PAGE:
Now, the pope shares his thoughts on “” with Austin Ivereigh. Conducted in Spanish but published in English, the interview is fairly brief and the format easily readable. But words alone don’t do justice to what the pope is communicating.
In each response to six questions posed by Ivereigh, Pope Francis takes up his own adage about preaching. In (no. 157), he states: “A good homily … should have ‘an idea, a sentiment, (and) an image’.”
Sometimes his own, sometimes drawn from literature, the imaginative corollaries to the pope’s comments express differently his musings on the questions asked. As points out, the pope’s Jesuit formation informs this pictorial way of thinking.
But I suspect there’s something more. By responding with images, Pope Francis invites his interlocutors to engage with his thinking and, thus, to ponder the potential meaning for themselves.
Consider, for example, the image in his first response. Asked about his own experience of being locked down, Pope Francis admits that he is praying more, out of concern for people. Then he says, “Thinking of people anoints me, it does me good, it takes me out of my self-preoccupation.”
Of course, the notion of thinking about people pertains to the pope’s job as pastor of the world. His Jesuit confrere, , suggests that Pope Francis is “profoundly disturbed and pained by so much suffering and sacrifice.” In such a state, the thought of people “confirms and reinvigorates” the pope in his pastoral mission.
But thought that “anoints” someone is an odd image. It suggests the workings of the mind and heart made into oil and put upon a person through a personal touch. There’s a texture to it, a scent in it, a flowing movement, a permanent residue.
It’s a sacramental image, as we use oil to confirm, to heal, and even to ordain. Somehow, then, thinking of others strengthens, comforts, and even commissions. Such concern touches one with the grace of God. The thought enables one to accompany another along this perilous way.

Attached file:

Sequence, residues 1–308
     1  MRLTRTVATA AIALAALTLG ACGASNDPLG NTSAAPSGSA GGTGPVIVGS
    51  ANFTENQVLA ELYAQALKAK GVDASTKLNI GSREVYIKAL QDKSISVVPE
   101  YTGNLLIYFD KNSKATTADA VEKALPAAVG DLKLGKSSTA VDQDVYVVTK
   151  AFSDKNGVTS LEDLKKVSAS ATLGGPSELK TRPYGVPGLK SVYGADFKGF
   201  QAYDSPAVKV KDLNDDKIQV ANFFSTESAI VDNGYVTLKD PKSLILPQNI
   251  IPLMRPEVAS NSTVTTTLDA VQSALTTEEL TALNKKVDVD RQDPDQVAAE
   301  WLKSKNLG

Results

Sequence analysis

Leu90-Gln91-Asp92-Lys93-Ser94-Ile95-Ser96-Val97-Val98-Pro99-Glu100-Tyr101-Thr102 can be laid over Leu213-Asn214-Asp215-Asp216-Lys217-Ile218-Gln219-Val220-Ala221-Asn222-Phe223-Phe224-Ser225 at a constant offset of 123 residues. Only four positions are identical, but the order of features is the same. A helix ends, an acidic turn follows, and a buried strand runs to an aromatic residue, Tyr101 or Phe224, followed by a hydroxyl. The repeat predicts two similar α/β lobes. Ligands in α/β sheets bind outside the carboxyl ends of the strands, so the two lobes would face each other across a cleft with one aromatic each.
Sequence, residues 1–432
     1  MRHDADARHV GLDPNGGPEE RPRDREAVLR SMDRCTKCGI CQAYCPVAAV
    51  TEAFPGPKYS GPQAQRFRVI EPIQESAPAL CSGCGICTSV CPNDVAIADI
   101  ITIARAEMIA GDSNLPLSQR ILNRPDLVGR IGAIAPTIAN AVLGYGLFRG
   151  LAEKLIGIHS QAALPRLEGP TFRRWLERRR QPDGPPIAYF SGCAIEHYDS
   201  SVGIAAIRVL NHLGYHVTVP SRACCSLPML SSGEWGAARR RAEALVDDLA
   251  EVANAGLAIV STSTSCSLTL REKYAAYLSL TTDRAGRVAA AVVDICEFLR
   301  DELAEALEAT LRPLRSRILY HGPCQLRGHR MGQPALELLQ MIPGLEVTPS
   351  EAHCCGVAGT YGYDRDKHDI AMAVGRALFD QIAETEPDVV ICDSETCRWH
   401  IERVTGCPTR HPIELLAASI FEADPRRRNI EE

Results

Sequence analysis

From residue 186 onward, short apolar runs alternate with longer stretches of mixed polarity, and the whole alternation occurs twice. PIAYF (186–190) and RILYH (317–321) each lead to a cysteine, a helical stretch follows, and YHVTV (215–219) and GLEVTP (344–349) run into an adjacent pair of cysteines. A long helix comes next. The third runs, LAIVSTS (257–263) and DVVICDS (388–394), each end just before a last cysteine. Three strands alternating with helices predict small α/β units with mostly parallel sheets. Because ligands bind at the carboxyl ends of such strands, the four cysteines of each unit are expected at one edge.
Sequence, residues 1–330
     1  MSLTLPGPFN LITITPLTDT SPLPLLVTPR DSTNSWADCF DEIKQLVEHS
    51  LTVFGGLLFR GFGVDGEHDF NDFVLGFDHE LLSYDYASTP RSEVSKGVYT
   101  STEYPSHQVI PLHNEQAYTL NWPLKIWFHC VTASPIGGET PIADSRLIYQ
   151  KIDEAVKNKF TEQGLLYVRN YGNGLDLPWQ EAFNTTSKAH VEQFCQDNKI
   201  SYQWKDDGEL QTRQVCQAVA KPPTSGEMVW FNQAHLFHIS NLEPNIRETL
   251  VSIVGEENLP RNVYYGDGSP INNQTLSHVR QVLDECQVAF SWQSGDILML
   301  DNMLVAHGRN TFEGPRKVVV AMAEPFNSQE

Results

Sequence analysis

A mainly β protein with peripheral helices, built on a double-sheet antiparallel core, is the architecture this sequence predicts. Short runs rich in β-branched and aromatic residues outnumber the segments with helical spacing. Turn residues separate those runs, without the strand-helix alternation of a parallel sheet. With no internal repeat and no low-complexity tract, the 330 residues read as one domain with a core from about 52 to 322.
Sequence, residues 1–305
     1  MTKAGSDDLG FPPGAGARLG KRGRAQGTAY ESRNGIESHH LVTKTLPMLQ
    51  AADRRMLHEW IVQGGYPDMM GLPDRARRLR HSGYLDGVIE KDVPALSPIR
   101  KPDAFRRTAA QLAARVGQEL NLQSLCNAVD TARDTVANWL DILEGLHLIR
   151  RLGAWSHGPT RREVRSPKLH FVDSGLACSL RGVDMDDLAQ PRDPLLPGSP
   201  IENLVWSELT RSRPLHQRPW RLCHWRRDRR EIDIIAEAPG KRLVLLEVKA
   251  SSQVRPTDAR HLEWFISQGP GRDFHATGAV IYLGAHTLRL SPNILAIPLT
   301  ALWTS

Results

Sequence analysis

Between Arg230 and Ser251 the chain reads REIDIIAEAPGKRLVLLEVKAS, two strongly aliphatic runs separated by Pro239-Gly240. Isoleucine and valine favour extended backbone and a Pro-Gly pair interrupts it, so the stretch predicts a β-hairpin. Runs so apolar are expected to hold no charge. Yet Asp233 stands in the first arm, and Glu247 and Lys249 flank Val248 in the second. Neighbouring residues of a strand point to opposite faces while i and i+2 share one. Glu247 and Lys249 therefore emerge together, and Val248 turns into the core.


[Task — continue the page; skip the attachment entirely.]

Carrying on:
On Good Friday, we might say, the Lord “anoints” the world from the cross and accompanies us there. That’s a strange image, since he is the one crucified, not the rest of us. But thinking through the paschal story, we see the divine “anointing” at work.
Anticipating the cross on Holy Thursday, the Lord accompanies us through the Eucharist, anointing, as it were, the bread and wine with his real presence.
On Calvary, he accompanies the two others crucified along with him, anointing the repentant one with the promise of his being in paradise this very day.
There, too, he accompanies all who question the reason for suffering, anointing their doubts with his own plaintive cry, “My God, My God, why have you abandoned me?”
The crucified Lord promises also to accompany the church, anointing the Blessed Virgin and his beloved disciple with the mutual care of mother and son.
Jesus accompanies all of us on this Good Friday. The potential for infection and possible death occasioned by the spread of a novel coronavirus is agitating the world with real fear. Compounded further by the cognizance of our own sins, that fear grows worse by having to be “socially distanced” from those we love.
In all this, Jesus accompanies us from the cross. There he takes upon himself the sin and suffering that distances humanity from the eternal happiness for which we have been created. There his own respirations cease when he breathes forth his last. There his Sacred Heart is pierced open for us, and we are “anointed” with the blood and water that flows from it to sanctify us.
When Easter comes, the risen Jesus vanquishes the power of death, thereby releasing us from the chains of mortal existence (and the attendant anxiety produced by a pandemic). At Pentecost, the ascended Jesus will “anoint” those who believe in him with the Holy Spirit, pouring into their minds and hearts the truth of God’s steadfast love.
To be sure, uncertainty characterizes today’s trying times. Images, too, remain uncertain in as much as each can be “seen” differently.
But pondering the papal image of being anointed with the thought of others may give us some certainty about what Good Friday means. In turn, seeing the cross anew can help us best respond to the global crisis in which we are living.
Father Thomas Dailey, O.S.F.S. is the John Cardinal Foley Chair of Homiletics and Social Communications at St. Charles Borromeo Seminary, Wynnewood, and a research fellow for the Catholic Leadership Institute in Wayne.
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